Stuttgart Daily Leader
By: Peter Bachmann
Washington, D.C.-based Engage Cuba, an advocacy group dedicated to ending the travel and trade embargo of Cuba, launched their eighth State Council for Cuba here with an impressive list of 40 business leaders from a wide array of industries and sectors around the state.
The council will assist in building statewide support for congressional action on Cuba, including lifting trade restrictions on agricultural products, allowing for the extension of U.S. credit and the liberalization of travel.
The rice industry is well-represented on the Texas State Council for Cuba similar to the state councils launched in Arkansas and Louisiana with seven members of the Texas Rice Producers Legislative Group and USA Rice leadership. Rice-industry members of the state council include: Daniel Berglund, Keith Gray, Brian Ottis, Dick Ottis, Joe Outlaw, L.G. Raun and Linda Raun.
Keith Gray, with American Rice, Inc., which is a subsidiary of Riviana Foods and a member of several USA Rice boards and committees, said, "It's really exciting to be a part of this historic movement and to be one of the 40 founding members of this State Council, leading the charge for lifting the Cuban embargo."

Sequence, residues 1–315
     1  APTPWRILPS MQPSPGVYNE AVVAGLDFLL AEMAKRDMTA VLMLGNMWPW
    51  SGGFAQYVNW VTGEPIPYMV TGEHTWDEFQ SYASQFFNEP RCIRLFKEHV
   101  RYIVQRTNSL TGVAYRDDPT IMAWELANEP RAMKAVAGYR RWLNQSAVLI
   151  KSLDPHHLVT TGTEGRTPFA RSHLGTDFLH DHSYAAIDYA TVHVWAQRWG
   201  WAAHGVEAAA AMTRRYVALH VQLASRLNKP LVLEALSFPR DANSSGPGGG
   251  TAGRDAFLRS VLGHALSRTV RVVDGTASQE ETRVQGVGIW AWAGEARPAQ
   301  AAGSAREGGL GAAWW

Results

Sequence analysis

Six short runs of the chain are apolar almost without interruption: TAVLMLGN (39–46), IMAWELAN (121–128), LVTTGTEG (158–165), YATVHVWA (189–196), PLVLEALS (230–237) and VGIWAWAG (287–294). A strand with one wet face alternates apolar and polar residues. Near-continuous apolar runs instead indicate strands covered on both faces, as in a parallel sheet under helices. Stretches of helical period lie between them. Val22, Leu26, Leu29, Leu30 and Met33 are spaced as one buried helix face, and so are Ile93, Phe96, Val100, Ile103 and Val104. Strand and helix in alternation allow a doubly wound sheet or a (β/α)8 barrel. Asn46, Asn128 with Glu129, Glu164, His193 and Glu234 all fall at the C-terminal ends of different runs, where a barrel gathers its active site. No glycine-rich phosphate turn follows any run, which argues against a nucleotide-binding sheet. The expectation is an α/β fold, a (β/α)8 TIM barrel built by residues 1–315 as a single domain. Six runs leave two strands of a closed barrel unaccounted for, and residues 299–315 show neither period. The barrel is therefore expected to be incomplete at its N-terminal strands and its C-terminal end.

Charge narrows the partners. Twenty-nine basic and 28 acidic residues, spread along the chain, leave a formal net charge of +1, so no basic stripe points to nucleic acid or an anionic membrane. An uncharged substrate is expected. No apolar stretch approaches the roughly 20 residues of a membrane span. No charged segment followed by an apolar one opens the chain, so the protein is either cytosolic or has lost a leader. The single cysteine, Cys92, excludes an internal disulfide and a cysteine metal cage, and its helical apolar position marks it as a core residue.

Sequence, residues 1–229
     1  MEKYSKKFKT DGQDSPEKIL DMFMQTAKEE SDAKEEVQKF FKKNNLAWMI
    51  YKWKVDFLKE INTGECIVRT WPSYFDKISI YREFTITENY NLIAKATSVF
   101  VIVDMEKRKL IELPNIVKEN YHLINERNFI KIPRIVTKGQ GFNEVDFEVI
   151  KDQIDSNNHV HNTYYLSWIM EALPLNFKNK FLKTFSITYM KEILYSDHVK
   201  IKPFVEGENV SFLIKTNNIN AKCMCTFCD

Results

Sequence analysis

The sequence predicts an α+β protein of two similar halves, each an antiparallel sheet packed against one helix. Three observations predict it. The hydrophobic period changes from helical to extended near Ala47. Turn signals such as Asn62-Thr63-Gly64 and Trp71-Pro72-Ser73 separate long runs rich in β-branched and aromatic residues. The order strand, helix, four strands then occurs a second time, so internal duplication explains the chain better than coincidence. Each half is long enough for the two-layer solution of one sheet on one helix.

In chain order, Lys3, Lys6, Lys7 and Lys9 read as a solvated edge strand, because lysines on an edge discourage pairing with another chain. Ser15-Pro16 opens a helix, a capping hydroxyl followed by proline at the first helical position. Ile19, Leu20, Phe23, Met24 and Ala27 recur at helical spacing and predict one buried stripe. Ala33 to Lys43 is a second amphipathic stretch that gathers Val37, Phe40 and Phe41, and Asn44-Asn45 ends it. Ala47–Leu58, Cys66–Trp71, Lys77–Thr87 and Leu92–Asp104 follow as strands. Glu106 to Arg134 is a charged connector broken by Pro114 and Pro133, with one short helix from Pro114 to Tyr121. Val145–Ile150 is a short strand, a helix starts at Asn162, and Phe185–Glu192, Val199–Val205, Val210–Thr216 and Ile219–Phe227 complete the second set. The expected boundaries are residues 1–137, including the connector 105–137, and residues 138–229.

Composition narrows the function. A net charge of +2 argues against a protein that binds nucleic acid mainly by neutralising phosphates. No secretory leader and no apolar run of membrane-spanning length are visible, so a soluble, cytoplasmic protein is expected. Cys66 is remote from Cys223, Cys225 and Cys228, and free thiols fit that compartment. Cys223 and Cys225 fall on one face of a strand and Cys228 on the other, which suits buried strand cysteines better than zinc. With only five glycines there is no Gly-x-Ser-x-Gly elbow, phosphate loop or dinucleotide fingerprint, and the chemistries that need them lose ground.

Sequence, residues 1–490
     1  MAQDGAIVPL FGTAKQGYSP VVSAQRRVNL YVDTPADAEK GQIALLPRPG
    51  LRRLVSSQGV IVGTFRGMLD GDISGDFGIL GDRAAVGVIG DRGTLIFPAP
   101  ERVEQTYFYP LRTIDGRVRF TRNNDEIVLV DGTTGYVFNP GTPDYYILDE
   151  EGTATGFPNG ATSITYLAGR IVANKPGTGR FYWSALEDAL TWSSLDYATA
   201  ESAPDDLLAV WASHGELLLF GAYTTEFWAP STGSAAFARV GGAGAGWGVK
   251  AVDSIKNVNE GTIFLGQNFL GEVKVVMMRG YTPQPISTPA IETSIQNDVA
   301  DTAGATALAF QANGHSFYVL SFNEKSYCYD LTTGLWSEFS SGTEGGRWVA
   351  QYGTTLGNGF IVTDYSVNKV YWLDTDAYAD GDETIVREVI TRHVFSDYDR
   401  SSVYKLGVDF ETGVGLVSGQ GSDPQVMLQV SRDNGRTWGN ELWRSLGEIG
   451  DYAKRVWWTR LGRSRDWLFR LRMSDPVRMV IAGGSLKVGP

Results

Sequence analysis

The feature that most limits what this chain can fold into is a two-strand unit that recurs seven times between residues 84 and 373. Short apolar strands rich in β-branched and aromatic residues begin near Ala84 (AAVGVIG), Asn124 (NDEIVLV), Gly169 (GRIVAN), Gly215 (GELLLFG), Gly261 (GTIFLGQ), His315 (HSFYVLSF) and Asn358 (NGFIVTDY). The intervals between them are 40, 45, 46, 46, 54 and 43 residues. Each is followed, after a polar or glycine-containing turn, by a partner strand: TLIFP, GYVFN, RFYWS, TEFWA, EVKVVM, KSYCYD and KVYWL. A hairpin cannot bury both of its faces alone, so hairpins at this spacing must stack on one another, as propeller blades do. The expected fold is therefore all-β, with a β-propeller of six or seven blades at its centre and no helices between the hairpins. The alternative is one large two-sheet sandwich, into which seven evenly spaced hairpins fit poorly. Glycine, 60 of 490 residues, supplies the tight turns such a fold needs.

Gray continued, "Access to the Cuban market would surely benefit my business, but more importantly the businesses of the hundreds of rice and other crop farmers that we work with to purchase grains. Rice is happy to carry the flag on this issue but we've learned it's going to take a collective effort amongst agriculture and the broader coalition of industries and businesses to make it a reality. The Cuban people have made it clear that they have a preference for U.S.-grown long grain rice and the Texas rice industry is looking forward to using our logistical, economical, and grain quality advantages to help feed their country."
Texas is geographically and economically positioned to provide significant exports and increase business with the removal of trade, financing, and travel restrictions between the U.S. and Cuba. Agricultural commodities, such as Texas long grain rice, would be an ideal export for generating two-way commerce with the island.